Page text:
What will it take to stop this?
Twelve people were murdered in a mass shooting in Virginia last Friday afternoon. The Virginia Beach community is now going through a process the people in Connecticut know all too well — remembering the lost, struggling with incomprehensible grief, wondering if life will ever return to normal and asking, over and over, “Why?”
But for too many, this is normal now. The Virginia Beach shooting bears some resemblance to other workplace shootings, including the massacre at Hartford Distributors in Manchester, Conn., almost nine years ago, when a deranged and disgruntled Omar Thornton sought to take out all his frustrations on his coworkers.
The “why” question will echo — nobody will be able to satisfactorily pin down what motivates people to do this. But the “what” question can be answered: The shooter had easy access to deadly weapons. And that problem has a solution.
The Virginia Beach shooter is said to have purchased the weapons he used legally. Two .45-caliber handguns, one of which had a “suppressor” that quiets the weapon when fired, and several empty extended magazines were found at the scene.
Saying they were purchased legally doesn’t say much. Virginia’s gun laws are among the loosest in the nation, according to the Giffords Law Center, which gives it a grade of “D.” Even after the Virginia Tech shooting in 2007, when 32 people were killed, the state didn’t tighten up its gun laws as much as it could have. Handgun purchasers in Virginia must undergo a background check to insure they are not convicted or indicted felons and that they do not have restraining orders. There are few other restrictions. There is no waiting period. No license is required. The only restrictions on the purchase of assault weapons are age and citizenship. Machine guns must be registered with state police.
The looseness of the law might explain the Giffords Law Center finding that “in 2017, Virginia … supplied crime guns to other states at the 12th highest rate among the states. Virginia exported crime guns at nearly twice the national rate and nearly three times the rate at which it imported crime guns from other states.”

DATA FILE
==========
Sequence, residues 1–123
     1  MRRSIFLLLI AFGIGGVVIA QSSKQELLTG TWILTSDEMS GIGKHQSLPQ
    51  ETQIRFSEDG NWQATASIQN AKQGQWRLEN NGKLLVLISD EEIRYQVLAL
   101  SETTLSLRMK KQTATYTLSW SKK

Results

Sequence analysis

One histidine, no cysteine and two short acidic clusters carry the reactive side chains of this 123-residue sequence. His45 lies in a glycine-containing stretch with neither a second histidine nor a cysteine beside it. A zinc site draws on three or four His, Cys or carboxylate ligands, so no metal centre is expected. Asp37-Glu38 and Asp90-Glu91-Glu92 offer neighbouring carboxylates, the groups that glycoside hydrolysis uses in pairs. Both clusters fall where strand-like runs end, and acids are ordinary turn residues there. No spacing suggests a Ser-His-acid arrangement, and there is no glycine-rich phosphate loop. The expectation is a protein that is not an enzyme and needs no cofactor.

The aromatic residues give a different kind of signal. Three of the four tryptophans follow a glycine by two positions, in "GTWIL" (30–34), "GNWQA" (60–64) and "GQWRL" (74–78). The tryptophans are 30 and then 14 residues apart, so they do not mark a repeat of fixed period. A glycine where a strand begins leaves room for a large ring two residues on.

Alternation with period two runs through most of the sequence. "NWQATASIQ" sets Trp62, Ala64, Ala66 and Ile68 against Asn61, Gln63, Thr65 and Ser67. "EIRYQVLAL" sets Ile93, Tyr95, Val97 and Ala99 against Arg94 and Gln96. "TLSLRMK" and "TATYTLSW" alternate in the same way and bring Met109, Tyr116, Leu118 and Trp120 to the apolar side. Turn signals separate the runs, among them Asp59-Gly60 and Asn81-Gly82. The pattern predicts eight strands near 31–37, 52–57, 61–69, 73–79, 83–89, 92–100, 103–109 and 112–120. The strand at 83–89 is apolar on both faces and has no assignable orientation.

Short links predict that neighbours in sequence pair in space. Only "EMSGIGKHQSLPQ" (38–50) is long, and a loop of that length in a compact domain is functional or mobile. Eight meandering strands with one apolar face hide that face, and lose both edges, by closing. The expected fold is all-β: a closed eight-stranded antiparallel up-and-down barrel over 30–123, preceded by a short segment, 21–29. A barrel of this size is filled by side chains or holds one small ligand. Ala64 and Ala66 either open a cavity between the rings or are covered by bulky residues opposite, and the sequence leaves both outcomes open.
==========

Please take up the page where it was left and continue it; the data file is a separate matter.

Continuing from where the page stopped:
That underscores the need for legislation on the national level.
It’s plausible that the Virginia Beach shooter would have claimed fewer lives if he didn’t have access to those extended-capacity magazines. But engaging in an argument about hypotheticals is a distraction. The concrete question is simple: Would stricter gun safety laws erect reasonable barriers to keep military-spec weapons from getting into the hands of madmen without infringing on the Second Amendment rights of responsible gun owners?
Yes. They would. With better federal laws, there would be fewer deaths from firearms.
Virginia Gov. Ralph Northam made stronger gun laws part of his 2017 campaign, but efforts to pass legislation that would limit gun magazine size and give local governments broader authority to ban guns in city buildings couldn’t get any traction in Virginia’s legislature. In January, the legislature killed a bill that would have banned sales of large-capacity magazines such as the ones found in the Virginia Beach massacre.
But this is not a state-level problem. This is a national problem. As of Monday, 167 people have been killed in 156 mass shootings just this year. The number will continue to grow.
It’s time to continue the push for national legislation similar to Connecticut’s, which bans assault weapons and extended magazines, among other smart restrictions.
Given the number of guns already in circulation in the country, it’s unlikely that legislation will end gun violence. But we cannot let it continue unabated.
The nation needs to look in its mirror and acknowledge the facts staring back at us: If we do not enact better gun safety legislation at the federal level, we share the responsibility for what comes next.